It is always so surprising to me to hear from friends, to see with my own eyes and to be told by cat behavior specialists that….. male cats tend to get along better than female cats do with……. any gender. This post is all about female cats getting along with female cats and with other cats.
I have a male cat named Finnegan who is about eleven years old. I have had him since he was a kitten and when I adopted him he adopted into his sibling sister Abigail, who has since transitioned on.
The question that plagued me during Finn’s kitten-hood days was, ‘should I be adopting another kitten with him?’, and I regret to say, I wish I would have.
Finnegan, being a little boy kitten wanted to play with his new big, older sister Abigail but she did not want anything to do with him. Eventually she warmed up a bit, but never to the point of being a nurturing elder.
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I always felt so guilty and thought maybe I should have adopted a girl kitty cat.
Turns out, Abigail might not have warmed up to ANY other kitty as quickly and warm as I would have loved to see.
As I continued to research suggestions and techniques I could practice to help the integration, I kept stumbling onto articles about females clashing with each other. And while I did not have two females, I kept reading about female tolerance to other cats.
Ahhhhh…… Abigail; a sweet angel towards me, and other people but not so much towards other cats (and dogs as it turned out).
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Aggression Between Female Cats
Do Females Cats Get Along with Female Cats?
Female cats have a reputation for not getting along with other female cats, but males tend to be more social with any gender. Lack of socialization as a kitten can also contribute to a cat’s ability to get along with others. Ultimately, every cat is unique and may have different socialization needs, but considering these factors can help promote positive interactions between cats.
Finding a female cat to adopt
When adopting a cat, one must consider its background and socialization history. Additionally, it’s important to note that female cats can have normal or “pinking” nipples and that male cats do indeed have nipples. Female kittens have distinct genitalia, and cats are pregnant for approximately nine weeks.
Caring for Baby Female Kittens
When caring for newborn or orphaned kittens, monitoring their body temperature and providing warmth with a heating pad or body heat is essential. Cat caregivers should use kitten formula to ensure proper nutrition.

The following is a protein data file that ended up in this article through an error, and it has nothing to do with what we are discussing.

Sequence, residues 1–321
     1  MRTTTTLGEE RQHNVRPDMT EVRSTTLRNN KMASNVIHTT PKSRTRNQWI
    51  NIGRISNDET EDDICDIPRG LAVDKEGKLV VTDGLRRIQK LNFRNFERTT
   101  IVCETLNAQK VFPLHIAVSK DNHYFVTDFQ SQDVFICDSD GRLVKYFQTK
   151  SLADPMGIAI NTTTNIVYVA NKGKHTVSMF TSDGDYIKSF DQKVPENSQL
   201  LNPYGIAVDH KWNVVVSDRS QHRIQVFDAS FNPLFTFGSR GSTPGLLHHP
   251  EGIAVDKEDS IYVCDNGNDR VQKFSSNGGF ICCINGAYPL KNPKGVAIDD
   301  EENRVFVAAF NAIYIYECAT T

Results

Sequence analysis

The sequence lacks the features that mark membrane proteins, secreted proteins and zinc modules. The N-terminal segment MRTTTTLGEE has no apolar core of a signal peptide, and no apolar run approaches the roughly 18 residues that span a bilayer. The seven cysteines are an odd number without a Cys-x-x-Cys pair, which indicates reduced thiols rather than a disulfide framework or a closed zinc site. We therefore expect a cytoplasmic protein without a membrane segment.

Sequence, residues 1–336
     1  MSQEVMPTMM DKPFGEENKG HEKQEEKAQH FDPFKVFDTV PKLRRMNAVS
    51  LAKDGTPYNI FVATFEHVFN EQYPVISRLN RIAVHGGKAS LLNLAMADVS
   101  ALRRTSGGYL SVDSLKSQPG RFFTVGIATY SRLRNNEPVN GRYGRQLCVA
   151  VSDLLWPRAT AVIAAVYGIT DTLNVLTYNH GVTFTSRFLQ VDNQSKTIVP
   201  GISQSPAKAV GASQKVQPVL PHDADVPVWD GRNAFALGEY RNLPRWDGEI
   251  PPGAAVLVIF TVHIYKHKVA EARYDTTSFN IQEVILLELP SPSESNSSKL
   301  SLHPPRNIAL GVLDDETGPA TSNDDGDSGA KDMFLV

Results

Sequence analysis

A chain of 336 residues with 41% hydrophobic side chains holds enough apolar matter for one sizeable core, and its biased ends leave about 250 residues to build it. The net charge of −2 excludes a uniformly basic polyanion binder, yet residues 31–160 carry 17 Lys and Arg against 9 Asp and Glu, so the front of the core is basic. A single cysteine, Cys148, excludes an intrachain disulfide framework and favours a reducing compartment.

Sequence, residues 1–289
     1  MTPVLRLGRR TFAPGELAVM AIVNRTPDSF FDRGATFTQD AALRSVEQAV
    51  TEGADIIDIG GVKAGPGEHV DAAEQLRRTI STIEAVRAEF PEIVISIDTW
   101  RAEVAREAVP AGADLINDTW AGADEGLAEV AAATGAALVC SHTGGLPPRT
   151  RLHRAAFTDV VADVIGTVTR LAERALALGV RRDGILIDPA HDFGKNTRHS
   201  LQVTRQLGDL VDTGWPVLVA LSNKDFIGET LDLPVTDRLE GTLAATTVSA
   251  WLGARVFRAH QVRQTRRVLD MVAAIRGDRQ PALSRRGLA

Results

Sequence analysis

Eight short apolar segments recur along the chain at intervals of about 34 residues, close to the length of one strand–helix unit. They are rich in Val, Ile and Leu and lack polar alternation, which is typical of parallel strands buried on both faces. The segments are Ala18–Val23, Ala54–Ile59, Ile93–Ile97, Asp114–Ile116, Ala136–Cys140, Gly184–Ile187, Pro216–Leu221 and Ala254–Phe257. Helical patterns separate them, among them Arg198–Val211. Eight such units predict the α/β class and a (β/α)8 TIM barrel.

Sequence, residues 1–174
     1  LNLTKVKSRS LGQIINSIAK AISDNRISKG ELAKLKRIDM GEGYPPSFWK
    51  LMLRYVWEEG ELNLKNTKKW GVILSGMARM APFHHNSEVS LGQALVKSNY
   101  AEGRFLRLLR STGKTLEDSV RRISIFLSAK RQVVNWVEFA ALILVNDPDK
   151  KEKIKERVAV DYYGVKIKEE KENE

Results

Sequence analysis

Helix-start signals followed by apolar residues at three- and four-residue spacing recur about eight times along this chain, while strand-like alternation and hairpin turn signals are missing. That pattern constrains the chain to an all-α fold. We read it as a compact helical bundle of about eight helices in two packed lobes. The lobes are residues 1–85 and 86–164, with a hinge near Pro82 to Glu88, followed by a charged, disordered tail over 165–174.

So apparently aggression between female cats is enough of a ’thing’ that many cat behaviorists, cat lifestyle experts, veterinarians and cat rescues write on this specific topic.
Cornell University has a very good article on cat aggression and includes a summary of female specific challenges a cat owner might experience. Here is a summary listing their findings through experience, science and cat behavior.
|FEMALE CAT AGGRESSION
|lack social interaction with other kitty cats
|new situations, unfamiliar activities
|physical and mental unease
|outside territory anxiety
|I am the boss here
|that’s mine, and I don’t share well
|recently had kittens
My cat Abigail fell into the first one. Lack of socialization with other cats as a baby kitten. Even though I adopted her young (it was estimated 6-8 months) she had been on the streets of Philadelphia wandering around alone. A kind person brought her to my vet clinic where she had been ’living’ among other strays. There was one challenge the vet had. Abigail was FIV positive and they wanted to keep her separated from other strays. These other strays could give her an illness her immune system was not capable of fighting off. So her experience with other cats was not great, and her experience with people early on was extraordinary. YEA for good people!!!
Around that same time, I had already adopted a male FIV positive kitty cat (Madison) and he was estimated to be four years old. When I brought him in for his first check-up, they told me about Abigail. The second visit they came right out and asked if Madison might want a sister. I met this female cat and said, ’box her up’ and took her right on the spot. She was sooooo sweet and cute.
My personal experience was she adopted well into her brother Madison since he had already been with me. He established boundaries with Abigail and she respected them. They constantly fought for my attention, people attention and lap sitting, but they also bonded and were excellent companions when I was not home.
My experience after Madison passed on and I brought home Finnegan was completely different.
Abigail was over 10 years old by then and not so enthusiastic about having a kitten around.
I thought for sure maternal instincts would kick in and she would love being an older sister, but that was not really the case. They of course ended up being ’friendly’ and companions who lived under the same roof, but nothing like the brother sisterly love she had for Madison. Looking back, it seems to me, adopting TWO kittens (ideally from the same litter) would have been best. It would give the little ones more play buddies and take some of the burden off their older sister.
Abigail ended passing away of aggressive stomach cancer that (due to her FIV) she was not able to fight off, and the treatments would have prolonged intense suffering.